The Faroe or Faeroe Islands (/ˈfɛəroʊ/; Faroese: Føroyar, pronounced [ˈfœɹjaɹ]; Danish: Færøerne) are a North Atlantic archipelago located 320 kilometres (200 mi) north-northwest of Scotland, and about halfway between Norway and Iceland. Like Greenland, it is an autonomous territory within the Kingdom of Denmark. The islands have a total area of about 1,400 square kilometres (540 sq mi) with a population of 52,703 as of September 2020
Tórshavn (Faroese: [ˈtʰɔuʂhaun]; lit. ‘Thor’s harbour’; Danish: Thorshavn, pronounced [ˈtsʰoɐ̯ˀsˌhɑwˀn]) is the capital and largest city of the Faroe Islands. It is in the southern part on the east coast of Streymoy. To the northwest of the city lies the 347-meter-high (1,138 ft) mountain Húsareyn, and to the southwest, the 350-meter-high (1,150 ft) Kirkjubøreyn. They are separated by the Sandá River. The city itself has a population of 19,165 (2019), and the greater urban area has a population of 21,078.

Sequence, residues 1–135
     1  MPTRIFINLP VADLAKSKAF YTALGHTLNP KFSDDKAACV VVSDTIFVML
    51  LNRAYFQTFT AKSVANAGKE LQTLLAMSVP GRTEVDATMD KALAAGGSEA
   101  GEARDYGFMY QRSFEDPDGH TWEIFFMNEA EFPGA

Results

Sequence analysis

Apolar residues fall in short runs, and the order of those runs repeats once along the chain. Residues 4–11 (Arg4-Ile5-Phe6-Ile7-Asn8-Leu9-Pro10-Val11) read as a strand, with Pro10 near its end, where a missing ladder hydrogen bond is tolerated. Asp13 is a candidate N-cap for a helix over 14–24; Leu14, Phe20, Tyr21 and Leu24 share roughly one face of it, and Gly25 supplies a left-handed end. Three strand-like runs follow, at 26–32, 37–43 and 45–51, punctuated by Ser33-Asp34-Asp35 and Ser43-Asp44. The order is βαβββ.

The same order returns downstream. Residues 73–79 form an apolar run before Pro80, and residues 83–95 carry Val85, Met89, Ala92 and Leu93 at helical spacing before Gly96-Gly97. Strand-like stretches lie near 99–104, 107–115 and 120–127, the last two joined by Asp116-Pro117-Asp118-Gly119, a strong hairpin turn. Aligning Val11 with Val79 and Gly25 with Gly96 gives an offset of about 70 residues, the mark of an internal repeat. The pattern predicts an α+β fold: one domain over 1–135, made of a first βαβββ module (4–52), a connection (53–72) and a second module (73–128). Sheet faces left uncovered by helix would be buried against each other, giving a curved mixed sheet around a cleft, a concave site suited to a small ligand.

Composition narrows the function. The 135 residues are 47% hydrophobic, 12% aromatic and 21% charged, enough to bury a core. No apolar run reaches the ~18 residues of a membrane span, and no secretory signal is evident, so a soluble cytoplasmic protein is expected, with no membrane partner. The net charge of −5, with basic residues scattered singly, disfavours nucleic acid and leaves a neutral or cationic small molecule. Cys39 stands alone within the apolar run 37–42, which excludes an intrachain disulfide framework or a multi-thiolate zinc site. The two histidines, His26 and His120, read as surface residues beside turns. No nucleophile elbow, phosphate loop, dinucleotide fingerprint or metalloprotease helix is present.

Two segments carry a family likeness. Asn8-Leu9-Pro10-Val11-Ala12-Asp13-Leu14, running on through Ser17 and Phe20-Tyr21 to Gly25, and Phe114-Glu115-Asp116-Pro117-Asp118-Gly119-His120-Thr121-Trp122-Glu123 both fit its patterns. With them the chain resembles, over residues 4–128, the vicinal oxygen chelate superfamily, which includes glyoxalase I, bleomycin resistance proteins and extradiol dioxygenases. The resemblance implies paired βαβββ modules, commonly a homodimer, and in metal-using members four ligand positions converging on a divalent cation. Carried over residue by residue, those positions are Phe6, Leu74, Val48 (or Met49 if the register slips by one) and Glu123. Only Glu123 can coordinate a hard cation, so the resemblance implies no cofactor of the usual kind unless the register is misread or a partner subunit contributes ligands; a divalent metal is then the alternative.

The Norse established their parliament on the Tinganes peninsula in AD 850. Tórshavn thus became the capital of the Faroe Islands and has remained so ever since. All through the Middle Ages the narrow peninsula jutting out into the sea made up the main part of Tórshavn. Early on, Tórshavn became the centre of the islands’ trade monopoly, thereby being the only legal place for the islanders to sell and buy goods. In 1856, the trade monopoly was abolished and the islands were left open to free trade.